Eczema rash: Is that itchy patch indicative of a gluten sensitivity?

Eczema: NHS GP explains symptoms of skin condition

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Coeliac disease – an autoimmune condition – leads the intestines to make an antibody called IgA when gluten is consumed. As a consequence, a rash emerges. This condition tends to develop from the age of 30, WebMD pointed out. Fairly common in people of European descent, could you have the condition?

The very first sign of dermatitis herpetiformis (DH) is a burning or stinging sensation.

Afterwards, a cluster of small red bumps pop up that may be itchy.

The rash may resemble blisters, fluid-filled or raised sores, or perhaps hives.

Common areas for DH to appear include:

  • Elbows
  • Knees
  • Scalp
  • Butt
  • Back
  • Shoulder blades.

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DH is a bodily response to gluten, which may be accompanied by other sensations, such as:

  • Abdominal bloating
  • Cramps
  • Diarrhoea
  • Constipation.

Corticosteroid cream may be prescribed by a doctor to treat the skin rash.

Coeliac disease

Leading charity, Coeliac UK, stressed that symptoms of coeliac disease varies from person to person.

However, symptoms might include stomach pain and lethargy.

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Other symptoms could include:

  • Severe or occasional diarrhoea, excessive wind and/or constipation
  • Persistent or unexplained nausea and vomiting
  • Recurrent stomach pain, cramping or bloating
  • Any combination of iron, vitamin B12 or folic acid deficiency
  • Anaemia
  • Tiredness
  • Sudden or unexpected weight loss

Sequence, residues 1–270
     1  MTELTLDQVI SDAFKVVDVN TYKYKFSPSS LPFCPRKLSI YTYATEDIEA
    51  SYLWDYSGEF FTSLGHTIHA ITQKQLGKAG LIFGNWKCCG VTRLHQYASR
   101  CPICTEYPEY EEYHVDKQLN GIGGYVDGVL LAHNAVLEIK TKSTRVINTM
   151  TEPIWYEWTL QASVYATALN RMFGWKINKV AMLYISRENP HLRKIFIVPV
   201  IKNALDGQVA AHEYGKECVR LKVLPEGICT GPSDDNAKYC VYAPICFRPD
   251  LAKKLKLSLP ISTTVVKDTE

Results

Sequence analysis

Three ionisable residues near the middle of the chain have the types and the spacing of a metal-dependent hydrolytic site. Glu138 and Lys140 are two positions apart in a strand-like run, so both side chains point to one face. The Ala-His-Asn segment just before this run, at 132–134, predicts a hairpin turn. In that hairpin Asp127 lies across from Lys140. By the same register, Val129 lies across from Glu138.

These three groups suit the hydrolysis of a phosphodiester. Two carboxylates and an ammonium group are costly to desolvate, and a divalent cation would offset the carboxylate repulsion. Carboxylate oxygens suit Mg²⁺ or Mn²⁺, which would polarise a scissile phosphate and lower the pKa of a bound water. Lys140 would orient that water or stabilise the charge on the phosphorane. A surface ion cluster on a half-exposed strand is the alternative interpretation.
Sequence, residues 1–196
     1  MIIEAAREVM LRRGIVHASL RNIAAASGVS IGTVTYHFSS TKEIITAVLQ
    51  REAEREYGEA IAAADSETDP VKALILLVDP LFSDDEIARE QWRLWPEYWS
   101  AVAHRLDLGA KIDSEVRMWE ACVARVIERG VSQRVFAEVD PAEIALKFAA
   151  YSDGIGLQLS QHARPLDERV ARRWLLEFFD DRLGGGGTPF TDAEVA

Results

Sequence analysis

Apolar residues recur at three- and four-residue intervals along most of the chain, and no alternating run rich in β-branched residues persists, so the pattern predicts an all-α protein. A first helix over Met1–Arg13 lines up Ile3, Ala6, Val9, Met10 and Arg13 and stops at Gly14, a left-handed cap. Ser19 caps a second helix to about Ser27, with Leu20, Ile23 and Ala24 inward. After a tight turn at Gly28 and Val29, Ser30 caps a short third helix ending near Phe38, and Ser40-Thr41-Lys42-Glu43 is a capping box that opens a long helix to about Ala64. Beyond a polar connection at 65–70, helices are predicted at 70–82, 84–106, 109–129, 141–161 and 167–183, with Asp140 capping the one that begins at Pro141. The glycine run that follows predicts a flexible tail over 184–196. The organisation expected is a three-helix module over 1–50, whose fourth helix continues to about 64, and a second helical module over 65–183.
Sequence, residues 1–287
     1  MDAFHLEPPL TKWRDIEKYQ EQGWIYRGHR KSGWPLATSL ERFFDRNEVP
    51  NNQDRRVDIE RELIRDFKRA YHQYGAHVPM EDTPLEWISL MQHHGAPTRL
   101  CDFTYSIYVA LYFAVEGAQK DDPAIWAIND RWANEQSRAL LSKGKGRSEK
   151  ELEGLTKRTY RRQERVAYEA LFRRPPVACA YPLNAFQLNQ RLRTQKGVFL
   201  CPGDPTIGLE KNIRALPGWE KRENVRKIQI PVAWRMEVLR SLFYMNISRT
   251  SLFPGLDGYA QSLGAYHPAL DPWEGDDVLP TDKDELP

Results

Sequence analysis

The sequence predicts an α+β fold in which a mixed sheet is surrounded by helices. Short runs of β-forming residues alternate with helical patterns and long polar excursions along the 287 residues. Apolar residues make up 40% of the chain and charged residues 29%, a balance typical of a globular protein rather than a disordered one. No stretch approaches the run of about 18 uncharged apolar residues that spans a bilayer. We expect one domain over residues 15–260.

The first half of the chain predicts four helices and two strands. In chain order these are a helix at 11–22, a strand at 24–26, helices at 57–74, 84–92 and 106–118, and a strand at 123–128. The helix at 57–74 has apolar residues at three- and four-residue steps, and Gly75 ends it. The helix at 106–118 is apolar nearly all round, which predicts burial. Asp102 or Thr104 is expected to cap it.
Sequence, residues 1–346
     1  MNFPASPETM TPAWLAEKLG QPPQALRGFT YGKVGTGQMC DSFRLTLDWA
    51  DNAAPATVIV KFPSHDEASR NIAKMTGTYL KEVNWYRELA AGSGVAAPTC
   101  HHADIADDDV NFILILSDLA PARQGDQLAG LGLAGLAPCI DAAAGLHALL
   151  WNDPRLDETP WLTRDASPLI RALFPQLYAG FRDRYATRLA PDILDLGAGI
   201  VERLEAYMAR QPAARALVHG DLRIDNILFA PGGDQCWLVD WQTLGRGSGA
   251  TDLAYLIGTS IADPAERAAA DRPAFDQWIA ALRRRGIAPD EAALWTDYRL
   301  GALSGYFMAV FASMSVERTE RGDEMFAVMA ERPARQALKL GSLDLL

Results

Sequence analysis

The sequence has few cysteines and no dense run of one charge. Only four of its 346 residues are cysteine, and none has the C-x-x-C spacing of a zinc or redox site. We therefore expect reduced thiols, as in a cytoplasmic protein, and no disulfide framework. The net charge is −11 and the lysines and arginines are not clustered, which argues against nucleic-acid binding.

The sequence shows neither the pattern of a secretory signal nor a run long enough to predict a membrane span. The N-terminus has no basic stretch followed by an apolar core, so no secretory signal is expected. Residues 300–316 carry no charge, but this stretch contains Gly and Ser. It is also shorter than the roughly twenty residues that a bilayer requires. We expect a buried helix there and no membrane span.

• Mouth ulcers
  • Skin rash (dermatitis herpetiformis)
  • Tooth enamel problems
  • Liver abnormalities
  • Repeated miscarriages
  • Neurological (nerve) problems such as ataxia (loss of coordination, poor balance) and peripheral neuropathy (numbness and tingling in the hands and feet).

Coeliac disease causes the villi (finger-like projections) in the small intestine to become flat.

This leads to difficulty with absorbing nutrients from food.

If an affected person starts to follow a gluten-free diet, the small intestine will begin to heal.

Once the intestine heals, the villi will regrow and nutrients can then be absorbed from foods.

While DH may look and feel like an eczema, it’s a separate condition.

An eczema rash, on the other hand, is an inflammatory skin disorder that isn’t caused by a gluten sensitivity.

The NHS pointed out that triggers for eczema might include:

  • Soaps
  • Detergents
  • Washing-up liquid
  • Wool
  • Synthetic fabrics.

The National Eczema Association explained that eczema sufferers have an “over-reactive immune system”.

Some people with eczema have a mutated gene that is responsible for creating the protein filaggrin.

This mutation causes an ineffective skin barrier, meaning moisture can escape and bacteria and viruses can enter.

As a result, patches of eczema will be red, itchy and sometimes painful.

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